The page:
After cleaning up the oyster mud, we headed into the marshy interior of the island searching for the Shackleford Horses. Like on Cumberland Island, there is a population of about 125 feral horses on this island. They survive, and die, on their own and receive no human interference.
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Ripples in the Sand
They don't fit the normal notion of 'horse', but here they are, grazing on the grasslands of the island. I have no idea what they do when a hurricane comes through, but since there have been many here over the centuries, and they are still here, then they have managed somehow. The 'myth' of how they got here is from shipwrecks. But some believe there may be a more prosaic explanation. The horses on Cumberland Island were inadvertently released from the operations of the Carnegie family - I suspect those here might have a similar origin. We tracked down four of them and understood, from talking to others, that there was a large gathering at a water hole further down the island, but we didn't make it that far.

We made it back to our 'base camp' - which was a spot on the leeward side of the beach where we dropped our stuff - and ate the cold fried chicken lunch we had brought with us. It was really a relaxing time. The rough surf pounded the beach, the birds chased, and were chased back, by the waves, the wind picked up the finer sand particles and carried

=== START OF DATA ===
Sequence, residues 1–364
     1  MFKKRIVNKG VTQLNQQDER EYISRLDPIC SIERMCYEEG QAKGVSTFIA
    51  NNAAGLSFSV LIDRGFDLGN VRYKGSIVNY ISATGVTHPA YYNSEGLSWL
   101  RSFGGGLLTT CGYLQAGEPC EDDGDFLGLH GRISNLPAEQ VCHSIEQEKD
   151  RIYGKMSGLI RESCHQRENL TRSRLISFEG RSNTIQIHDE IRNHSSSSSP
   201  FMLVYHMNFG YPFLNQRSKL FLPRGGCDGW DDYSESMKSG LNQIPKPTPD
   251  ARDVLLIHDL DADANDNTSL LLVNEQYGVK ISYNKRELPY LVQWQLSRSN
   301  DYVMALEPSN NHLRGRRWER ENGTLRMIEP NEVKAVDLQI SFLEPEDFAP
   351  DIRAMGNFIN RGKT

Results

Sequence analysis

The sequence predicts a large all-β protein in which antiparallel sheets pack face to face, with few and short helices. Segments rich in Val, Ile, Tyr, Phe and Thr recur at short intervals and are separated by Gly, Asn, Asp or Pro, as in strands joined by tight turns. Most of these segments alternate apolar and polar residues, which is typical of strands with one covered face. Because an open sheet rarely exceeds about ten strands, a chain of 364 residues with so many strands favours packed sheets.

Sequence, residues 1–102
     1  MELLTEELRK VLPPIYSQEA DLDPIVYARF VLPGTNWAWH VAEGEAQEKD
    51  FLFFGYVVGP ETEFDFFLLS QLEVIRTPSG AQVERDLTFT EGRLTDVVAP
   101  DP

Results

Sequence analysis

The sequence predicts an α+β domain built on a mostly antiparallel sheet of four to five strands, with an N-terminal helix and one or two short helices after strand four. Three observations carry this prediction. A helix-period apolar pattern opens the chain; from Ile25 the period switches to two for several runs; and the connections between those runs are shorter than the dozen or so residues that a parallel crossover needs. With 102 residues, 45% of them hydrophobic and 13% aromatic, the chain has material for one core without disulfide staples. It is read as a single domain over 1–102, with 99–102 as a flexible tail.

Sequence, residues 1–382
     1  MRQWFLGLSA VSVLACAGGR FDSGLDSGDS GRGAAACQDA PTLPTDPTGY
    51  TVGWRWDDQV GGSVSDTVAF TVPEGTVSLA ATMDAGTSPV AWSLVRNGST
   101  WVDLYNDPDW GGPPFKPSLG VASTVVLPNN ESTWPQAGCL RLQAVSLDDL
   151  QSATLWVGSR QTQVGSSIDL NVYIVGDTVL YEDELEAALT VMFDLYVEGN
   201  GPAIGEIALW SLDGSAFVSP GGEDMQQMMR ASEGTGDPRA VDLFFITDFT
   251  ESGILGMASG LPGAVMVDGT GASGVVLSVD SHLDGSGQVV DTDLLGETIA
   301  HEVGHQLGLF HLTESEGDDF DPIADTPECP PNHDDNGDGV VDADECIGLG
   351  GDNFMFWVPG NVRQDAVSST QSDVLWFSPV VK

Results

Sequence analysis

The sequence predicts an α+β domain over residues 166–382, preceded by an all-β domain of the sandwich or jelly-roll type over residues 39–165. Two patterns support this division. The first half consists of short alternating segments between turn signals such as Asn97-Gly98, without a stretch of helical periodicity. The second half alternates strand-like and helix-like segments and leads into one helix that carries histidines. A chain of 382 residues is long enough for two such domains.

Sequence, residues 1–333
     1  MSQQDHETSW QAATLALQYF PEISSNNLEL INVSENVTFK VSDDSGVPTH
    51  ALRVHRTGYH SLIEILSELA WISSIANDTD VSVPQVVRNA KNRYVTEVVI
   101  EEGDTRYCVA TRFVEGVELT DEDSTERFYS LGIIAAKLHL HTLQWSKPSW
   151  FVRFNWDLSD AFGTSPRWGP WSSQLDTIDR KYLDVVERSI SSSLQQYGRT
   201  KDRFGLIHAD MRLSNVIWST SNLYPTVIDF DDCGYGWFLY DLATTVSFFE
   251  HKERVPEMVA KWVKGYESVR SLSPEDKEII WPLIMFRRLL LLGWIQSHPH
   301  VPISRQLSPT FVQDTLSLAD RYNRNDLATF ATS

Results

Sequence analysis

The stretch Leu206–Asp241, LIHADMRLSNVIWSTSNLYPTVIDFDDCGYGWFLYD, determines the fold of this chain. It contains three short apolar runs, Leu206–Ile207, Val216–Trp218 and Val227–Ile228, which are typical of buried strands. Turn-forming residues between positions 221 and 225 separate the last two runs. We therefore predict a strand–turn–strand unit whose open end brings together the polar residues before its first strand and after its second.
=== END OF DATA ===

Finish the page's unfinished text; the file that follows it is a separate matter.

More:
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Yes, More Sand
them in channels back down to the sea. The island moving closer to the mainland, grain by grain, as we watched.

Soon the ferry returned, beached itself, and we scrambled aboard for the 10 minute ride across the 'channel' to the Lighthouse area. The Cape Lookout lighthouse was built towards the southern end of South Core Banks, the largest island in this park. This island faces southeast, so sits at an angle to Shackleford Banks. There is more 'civilization' on this island, especially since the Cape Lookout Lighthouse was built here around 1898. The lighthouse hasn't opened for the tourist season yet, so we couldn't climb to the top. But we walked around the bottom and the restored lighthouse keeper's house. One thing I didn't realize, probably because I didn't think about it very long, is that the patterns on the lighthouse (they are called 'daymarks') were intentionally painted so that ships, in the daytime, could identify their location. The diamond pattern on this lighthouse identified this promontory as Cape Lookout.